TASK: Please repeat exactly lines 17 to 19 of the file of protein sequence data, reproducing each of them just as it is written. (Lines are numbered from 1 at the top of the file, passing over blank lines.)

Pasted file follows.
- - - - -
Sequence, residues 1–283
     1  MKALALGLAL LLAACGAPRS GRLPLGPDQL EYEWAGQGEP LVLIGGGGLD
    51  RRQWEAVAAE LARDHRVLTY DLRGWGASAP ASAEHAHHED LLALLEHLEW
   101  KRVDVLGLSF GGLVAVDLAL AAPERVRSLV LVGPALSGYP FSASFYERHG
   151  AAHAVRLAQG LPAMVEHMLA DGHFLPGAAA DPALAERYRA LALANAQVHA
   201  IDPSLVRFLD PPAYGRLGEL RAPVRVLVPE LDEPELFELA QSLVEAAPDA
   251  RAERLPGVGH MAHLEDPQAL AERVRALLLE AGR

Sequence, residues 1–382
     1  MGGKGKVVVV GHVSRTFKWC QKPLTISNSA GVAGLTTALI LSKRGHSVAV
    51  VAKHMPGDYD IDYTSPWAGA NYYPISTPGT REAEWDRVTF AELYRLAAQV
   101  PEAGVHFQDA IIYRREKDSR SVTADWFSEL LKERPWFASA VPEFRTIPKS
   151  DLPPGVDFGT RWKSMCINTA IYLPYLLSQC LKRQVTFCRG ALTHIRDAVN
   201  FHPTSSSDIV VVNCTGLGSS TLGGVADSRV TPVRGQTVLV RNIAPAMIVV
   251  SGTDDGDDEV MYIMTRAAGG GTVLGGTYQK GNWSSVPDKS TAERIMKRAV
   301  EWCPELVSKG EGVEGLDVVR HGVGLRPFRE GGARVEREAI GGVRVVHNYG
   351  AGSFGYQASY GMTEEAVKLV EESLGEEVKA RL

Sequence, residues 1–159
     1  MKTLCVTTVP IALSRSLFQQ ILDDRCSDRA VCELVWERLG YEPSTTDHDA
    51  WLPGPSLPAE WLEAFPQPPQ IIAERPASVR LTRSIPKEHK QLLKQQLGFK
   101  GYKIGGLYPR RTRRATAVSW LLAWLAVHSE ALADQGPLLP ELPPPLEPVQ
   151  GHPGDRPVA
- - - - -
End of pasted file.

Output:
Sequence, residues 1–159
     1  MKTLCVTTVP IALSRSLFQQ ILDDRCSDRA VCELVWERLG YEPSTTDHDA
    51  WLPGPSLPAE WLEAFPQPPQ IIAERPASVR LTRSIPKEHK QLLKQQLGFK